This article has been updated.
Satellite internet has come a long way since becoming a widely available connectivity option in the mid 2000s. Back then, while it was an upgrade from dial-up service, it was still in its infancy technology-wise. What it didn’t have in speed, though, it made up for in availability.
As urban and suburban areas moved from dial-up to faster DSL service over phone lines — and later cable and fiber — people outside those population centers were already being left behind in what would become known as “the digital divide.” The infrastructure required to get a wired connection to every home simply isn’t scalable in areas with lower population density. It’s not uncommon even today for homeowners outside the cable/fiber zone to get quotes of $10,000 or more to have cable or fiber brought to their residence.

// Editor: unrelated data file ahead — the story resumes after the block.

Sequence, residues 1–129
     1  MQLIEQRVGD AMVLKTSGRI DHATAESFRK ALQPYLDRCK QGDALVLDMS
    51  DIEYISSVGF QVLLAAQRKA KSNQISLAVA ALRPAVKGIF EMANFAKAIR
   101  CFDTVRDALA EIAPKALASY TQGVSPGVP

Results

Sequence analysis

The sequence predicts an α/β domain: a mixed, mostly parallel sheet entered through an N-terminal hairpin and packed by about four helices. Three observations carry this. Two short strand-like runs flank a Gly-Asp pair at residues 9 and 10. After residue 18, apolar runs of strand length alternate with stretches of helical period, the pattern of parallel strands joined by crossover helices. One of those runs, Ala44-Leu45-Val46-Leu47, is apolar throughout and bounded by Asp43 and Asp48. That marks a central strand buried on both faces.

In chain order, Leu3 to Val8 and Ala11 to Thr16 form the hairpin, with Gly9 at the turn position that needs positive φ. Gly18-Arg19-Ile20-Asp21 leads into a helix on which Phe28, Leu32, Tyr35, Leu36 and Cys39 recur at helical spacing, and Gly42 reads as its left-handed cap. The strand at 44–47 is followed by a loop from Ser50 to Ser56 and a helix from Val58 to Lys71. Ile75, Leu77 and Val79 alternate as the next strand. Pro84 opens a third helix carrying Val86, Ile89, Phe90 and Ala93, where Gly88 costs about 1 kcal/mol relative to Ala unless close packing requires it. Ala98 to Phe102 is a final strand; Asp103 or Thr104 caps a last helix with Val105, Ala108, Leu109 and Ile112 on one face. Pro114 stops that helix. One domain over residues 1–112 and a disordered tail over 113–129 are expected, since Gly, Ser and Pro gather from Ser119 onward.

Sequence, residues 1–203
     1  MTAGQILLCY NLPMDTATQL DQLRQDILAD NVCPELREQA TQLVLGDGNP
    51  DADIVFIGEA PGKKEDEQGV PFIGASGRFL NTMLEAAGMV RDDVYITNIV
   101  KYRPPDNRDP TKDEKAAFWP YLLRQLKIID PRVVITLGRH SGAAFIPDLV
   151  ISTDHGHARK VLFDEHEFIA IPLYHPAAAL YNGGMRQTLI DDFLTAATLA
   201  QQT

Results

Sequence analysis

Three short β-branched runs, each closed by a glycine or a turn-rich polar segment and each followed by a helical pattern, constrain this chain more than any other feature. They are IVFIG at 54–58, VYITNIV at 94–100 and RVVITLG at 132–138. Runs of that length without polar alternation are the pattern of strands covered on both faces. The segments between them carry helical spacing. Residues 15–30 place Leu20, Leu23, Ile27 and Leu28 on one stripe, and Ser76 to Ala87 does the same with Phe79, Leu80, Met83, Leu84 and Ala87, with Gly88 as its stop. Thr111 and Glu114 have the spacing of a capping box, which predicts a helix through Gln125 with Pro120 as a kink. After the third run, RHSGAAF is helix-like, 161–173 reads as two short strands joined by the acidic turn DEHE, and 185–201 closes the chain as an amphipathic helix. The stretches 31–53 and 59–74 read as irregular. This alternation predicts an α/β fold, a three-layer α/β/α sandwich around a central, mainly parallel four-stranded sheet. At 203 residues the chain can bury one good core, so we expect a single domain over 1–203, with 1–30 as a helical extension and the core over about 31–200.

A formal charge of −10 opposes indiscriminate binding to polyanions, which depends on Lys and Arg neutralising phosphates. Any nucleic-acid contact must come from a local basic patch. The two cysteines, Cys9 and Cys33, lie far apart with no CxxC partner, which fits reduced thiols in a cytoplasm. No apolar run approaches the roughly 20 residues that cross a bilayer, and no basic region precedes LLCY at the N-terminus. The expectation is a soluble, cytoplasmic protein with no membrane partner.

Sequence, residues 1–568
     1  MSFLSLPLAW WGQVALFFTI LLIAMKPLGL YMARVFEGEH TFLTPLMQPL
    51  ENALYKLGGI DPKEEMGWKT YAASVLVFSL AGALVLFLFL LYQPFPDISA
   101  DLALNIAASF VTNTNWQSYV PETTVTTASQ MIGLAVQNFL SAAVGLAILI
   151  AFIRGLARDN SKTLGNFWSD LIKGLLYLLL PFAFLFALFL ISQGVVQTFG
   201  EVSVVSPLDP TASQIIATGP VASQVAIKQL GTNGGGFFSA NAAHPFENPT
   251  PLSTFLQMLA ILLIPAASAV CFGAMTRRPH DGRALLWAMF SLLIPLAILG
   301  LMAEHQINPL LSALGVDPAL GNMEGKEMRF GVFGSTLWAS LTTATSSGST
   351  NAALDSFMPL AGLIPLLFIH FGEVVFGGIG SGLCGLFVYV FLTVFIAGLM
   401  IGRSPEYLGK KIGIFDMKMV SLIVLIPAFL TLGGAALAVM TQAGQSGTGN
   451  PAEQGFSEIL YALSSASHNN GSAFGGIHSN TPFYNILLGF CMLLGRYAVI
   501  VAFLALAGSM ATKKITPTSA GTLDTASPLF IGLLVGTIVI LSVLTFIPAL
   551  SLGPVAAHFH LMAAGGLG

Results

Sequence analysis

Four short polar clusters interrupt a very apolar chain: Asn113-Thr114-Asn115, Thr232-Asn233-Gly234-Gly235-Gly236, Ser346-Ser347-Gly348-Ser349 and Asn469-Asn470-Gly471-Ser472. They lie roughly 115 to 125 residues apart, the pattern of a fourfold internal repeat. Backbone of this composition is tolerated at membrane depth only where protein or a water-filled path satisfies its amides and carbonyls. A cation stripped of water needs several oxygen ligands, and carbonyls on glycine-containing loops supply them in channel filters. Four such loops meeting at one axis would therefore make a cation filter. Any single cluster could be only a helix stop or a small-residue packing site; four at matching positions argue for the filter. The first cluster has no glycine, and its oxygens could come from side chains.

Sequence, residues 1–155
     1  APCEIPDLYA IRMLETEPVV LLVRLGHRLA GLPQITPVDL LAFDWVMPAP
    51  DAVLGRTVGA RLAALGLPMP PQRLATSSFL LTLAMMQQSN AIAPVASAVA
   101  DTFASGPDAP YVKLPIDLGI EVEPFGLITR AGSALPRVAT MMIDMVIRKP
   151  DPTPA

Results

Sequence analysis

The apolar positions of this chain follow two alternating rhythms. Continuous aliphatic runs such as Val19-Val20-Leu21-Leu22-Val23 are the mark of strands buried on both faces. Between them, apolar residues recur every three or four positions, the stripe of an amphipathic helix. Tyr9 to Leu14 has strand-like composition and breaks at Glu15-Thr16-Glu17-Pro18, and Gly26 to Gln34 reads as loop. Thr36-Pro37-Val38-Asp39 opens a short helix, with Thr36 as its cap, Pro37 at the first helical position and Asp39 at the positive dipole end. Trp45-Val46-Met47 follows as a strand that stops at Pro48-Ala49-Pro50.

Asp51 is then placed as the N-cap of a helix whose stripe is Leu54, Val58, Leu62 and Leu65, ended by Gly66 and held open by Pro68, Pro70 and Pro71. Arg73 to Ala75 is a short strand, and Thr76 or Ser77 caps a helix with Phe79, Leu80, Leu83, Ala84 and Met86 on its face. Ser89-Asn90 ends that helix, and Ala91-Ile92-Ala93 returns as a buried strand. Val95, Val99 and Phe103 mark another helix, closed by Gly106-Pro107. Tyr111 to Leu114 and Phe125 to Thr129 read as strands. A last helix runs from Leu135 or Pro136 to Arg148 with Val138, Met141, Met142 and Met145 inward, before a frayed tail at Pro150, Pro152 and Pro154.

Unlike service delivered via cable, DSL, or fiber, satellite internet only requires a small antenna on a home or business. The signal comes directly to that antenna dish from the satellite, and the only cable needed is a short one to connect the outdoor terminal to the modem inside the building.
As a leader in satellite internet technology, Viasat has continually worked to improve service with higher-capacity satellites and vastly improved ground networks that provide coverage across 99% of the U.S., including remote and rural areas. Our upcoming ViaSat-3 global constellation is designed to bring even faster speeds and greatly increased capacity to handle data.
Some challenges still remain, and one of them people ask about is “latency.” In the communications world, latency refers to how long a signal takes to get from Point A to Point B and back again. Whether it’s fiber, cable, DSL or satellite, there’s always a certain amount of delay, or latency.